Sometimes the best approach to fresh produce is to treat it lightly in the kitchen, and let its natural flavor shine. This is how we love to eat radishes: a little sea salt, a little sesame oil, and that’s it.
This is a very simple take on the classic combination of radishes and butter. In this case the butter has been replaced with toasted sesame oil which has a wonderful rich nuttiness that pairs beautifully with the crisp radishes. Maldon Salt is my favorite flaky sea salt but you could use fleur de sel or whatever kind you prefer. It’s so simple but it’s incredibly delicious.
A crunchy, spicy red cabbage salad flavored with miso and ginger. Ideal as a side for Asian meals, or as a standalone lunch. Just don’t call it a slaw!
When I was thinking about what I wanted to serve alongside the Bulgogi Lettuce Wraps we were planning on making, I knew I wanted something bright and fresh to counter-balance the rich grilled beef.
That’s when I decided to take our Asian Cabbage and Fennel Salad recipe and mix it up a bit. I love, love, love miso and the addition of it gives this dressing a richness that is almost creamy, though there’s no mayo or any dairy in it. It’s actually almost a nutty flavor. Matt said it tasted like the peanut sauce you get with satay, but even better (and there’s no peanut in it either). It also happens to be vegan and can be made gluten free if you use tamari in place of the soy and use a GF miso, like this one).
This farro salad with butternut squash and hardy kale lets you imagine it’s actually spring while using up the last of your winter produce.
Yay, it’s officially Spring! Also boo, it’s officially snowing.
Here in the Hudson Valley we had one fleeting afternoon of warmth but then, like a high school bully who tells you your sneakers are cool so you’ll look down and then flicks you on the forehead, we got sucker punched. Even the chickens were like, “Seriously? We are so over this,” when I went to the coop this morning.
Every year I forget that Spring vegetables like ramps and asparagus don’t start to show up at the Farmer’s Market until mid-April at the earliest so right now, it’s mostly the same selection you find in Fall. Which is not a terrible thing when you can get great stuff like butternut squash, apple cider and baby kale.
Roasted cipollini onions are a great accompaniment to any meal – they have a sweet and savory caramel flavor that we combine with thyme for added depth.
If you’re not familiar with them, Cipollini onions (pronounced chip-oh-lee-knee) are a thin-skinned, mild onion about the side of a golf ball. They’re pretty easy to recognize because they have a flattened, almost UFO-ish shape that’s very distinctive. The name literally means “little onion” in Italian. Go figure.
These little guys are my all-time favorite onion to roast because they caramelize beautifully and become incredibly soft and sweet.
Like all little onions, they are kind of annoying to peel but if you boil them for 30 seconds and then run ice-cold water over them, it’s really not too bad. My advice is to make more than you think you’ll need because they will disappear quickly.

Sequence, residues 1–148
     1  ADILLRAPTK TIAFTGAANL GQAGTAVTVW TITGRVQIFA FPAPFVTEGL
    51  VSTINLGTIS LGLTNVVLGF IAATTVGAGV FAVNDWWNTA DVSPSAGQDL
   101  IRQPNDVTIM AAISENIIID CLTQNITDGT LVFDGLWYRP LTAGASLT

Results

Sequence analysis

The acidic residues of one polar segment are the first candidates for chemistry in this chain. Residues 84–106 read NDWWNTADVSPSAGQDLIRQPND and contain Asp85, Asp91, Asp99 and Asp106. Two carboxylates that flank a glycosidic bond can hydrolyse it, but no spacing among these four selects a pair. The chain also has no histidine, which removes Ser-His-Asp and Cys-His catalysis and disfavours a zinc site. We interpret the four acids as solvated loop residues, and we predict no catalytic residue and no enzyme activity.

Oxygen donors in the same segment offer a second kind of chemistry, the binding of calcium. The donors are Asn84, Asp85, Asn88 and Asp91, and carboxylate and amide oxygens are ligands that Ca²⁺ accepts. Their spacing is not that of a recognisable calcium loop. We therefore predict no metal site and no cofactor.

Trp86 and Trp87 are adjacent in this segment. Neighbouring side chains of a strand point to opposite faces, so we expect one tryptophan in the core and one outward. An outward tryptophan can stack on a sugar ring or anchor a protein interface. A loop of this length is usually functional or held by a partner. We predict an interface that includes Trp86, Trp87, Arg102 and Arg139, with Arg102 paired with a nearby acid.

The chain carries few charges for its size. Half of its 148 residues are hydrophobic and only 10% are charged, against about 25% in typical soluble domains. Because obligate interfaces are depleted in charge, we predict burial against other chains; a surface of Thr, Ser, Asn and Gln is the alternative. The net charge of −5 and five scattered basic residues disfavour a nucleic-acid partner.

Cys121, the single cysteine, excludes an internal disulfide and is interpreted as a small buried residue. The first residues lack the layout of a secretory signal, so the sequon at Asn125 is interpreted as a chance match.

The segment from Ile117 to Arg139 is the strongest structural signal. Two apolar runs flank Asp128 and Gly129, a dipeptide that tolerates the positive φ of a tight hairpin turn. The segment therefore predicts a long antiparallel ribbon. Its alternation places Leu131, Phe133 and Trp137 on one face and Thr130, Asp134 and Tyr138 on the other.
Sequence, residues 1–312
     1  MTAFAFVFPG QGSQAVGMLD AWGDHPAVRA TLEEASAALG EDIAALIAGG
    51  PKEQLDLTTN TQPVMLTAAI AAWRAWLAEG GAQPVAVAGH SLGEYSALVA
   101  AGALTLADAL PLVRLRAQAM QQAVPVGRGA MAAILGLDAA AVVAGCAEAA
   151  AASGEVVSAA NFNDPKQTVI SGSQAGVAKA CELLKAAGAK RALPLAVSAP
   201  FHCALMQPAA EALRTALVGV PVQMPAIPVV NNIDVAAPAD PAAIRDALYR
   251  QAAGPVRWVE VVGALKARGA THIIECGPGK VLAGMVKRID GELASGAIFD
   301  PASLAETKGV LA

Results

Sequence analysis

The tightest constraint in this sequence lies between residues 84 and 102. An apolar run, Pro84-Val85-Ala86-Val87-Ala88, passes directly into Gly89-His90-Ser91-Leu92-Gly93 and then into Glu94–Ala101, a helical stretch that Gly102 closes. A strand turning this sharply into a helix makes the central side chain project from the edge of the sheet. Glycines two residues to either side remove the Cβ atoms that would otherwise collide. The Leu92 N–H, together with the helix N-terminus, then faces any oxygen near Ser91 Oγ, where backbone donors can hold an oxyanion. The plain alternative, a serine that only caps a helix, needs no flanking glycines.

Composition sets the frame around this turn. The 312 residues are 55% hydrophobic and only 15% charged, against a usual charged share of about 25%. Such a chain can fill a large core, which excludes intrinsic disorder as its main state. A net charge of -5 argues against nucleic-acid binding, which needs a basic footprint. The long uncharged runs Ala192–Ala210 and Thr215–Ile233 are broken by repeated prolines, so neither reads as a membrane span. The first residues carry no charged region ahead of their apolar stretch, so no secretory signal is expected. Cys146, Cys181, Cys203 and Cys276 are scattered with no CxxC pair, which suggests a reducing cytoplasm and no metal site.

Caramelized green beans is a quick, healthy dish that would be an ideal vegan (and optionally gluten free) side for an Asian-style dinner.
We all have our little quirks and one of mine is that I am… let’s just say ambivalent about green beans unless they are cooked one, very specific way. (But when they are cooked this way, I’m adore them and want them all the time). In fact, prepared this way, I find them colossally addictive. I’m odd, I know. I’ve accepted it (and more importantly, so has Matt, who I’m sure would enjoy green beans prepared any number of ways but somehow never complains when they show up tasting exactly the same, time after time).
It’s not like green beans are evil and must be destroyed. I mean, they’re not celery. It’s just that they’re often rather…meh. A bit bland and, even worse, rubbery. And they make a little squeaky sound against your teeth when you chew them (I already admitted to being weird so stop making that face).
Yes, I know those little haricots vert you can sometimes find are tender and perfect (especially steamed and coated with a sharp, mustardy dressing) but, at least around these parts, they are often diabolically expensive. And I like to save my dollars for important things like hats for boiled eggs and gifs of Benedict Cumberbatch being licked by kittens. Like I said, important.
Roasted beet salad is all about the beets, baby. But you also need spicy greens, creamy ripe cheese and a balanced salad dressing. We show you how.
We all know there are vegetables that many, many people despise. (A Brussels sprout looks around the room nervously and begins to back away. Soon to be followed by a turnip. And then a beet. The beet grabs a stick of celery from a nearby Bloody Mary as it exits.) But the thing is, I’m pretty sure that most people just think they hate these vegetables. And the aversion they experience is not because these maligned veggies are actually gross*, but because they’ve most likely had them prepared incorrectly.
*Except for celery which actually is gross and no amount of jiggery pokery will change that.
Take Brussels sprouts, for example (always at the very top of the “hated vegetable” list). Many people boil them until they are a thoroughly revolting shade of gray and the texture of a moldy sponge. They also think that a little pat of butter will camouflage the criminally sulfurous smell. Then they wonder why there is a child-shaped hole in the wall and little Timmy has run off to join the circus. BUT, take those same sprouts, coat them well in olive oil, salt and pepper and roast them in a very hot oven and they’ll come out as crisp as french fries and just as addictive. And little Timmy can stay in school and become a doctor, or a film editor or some other, equally respectable occupation.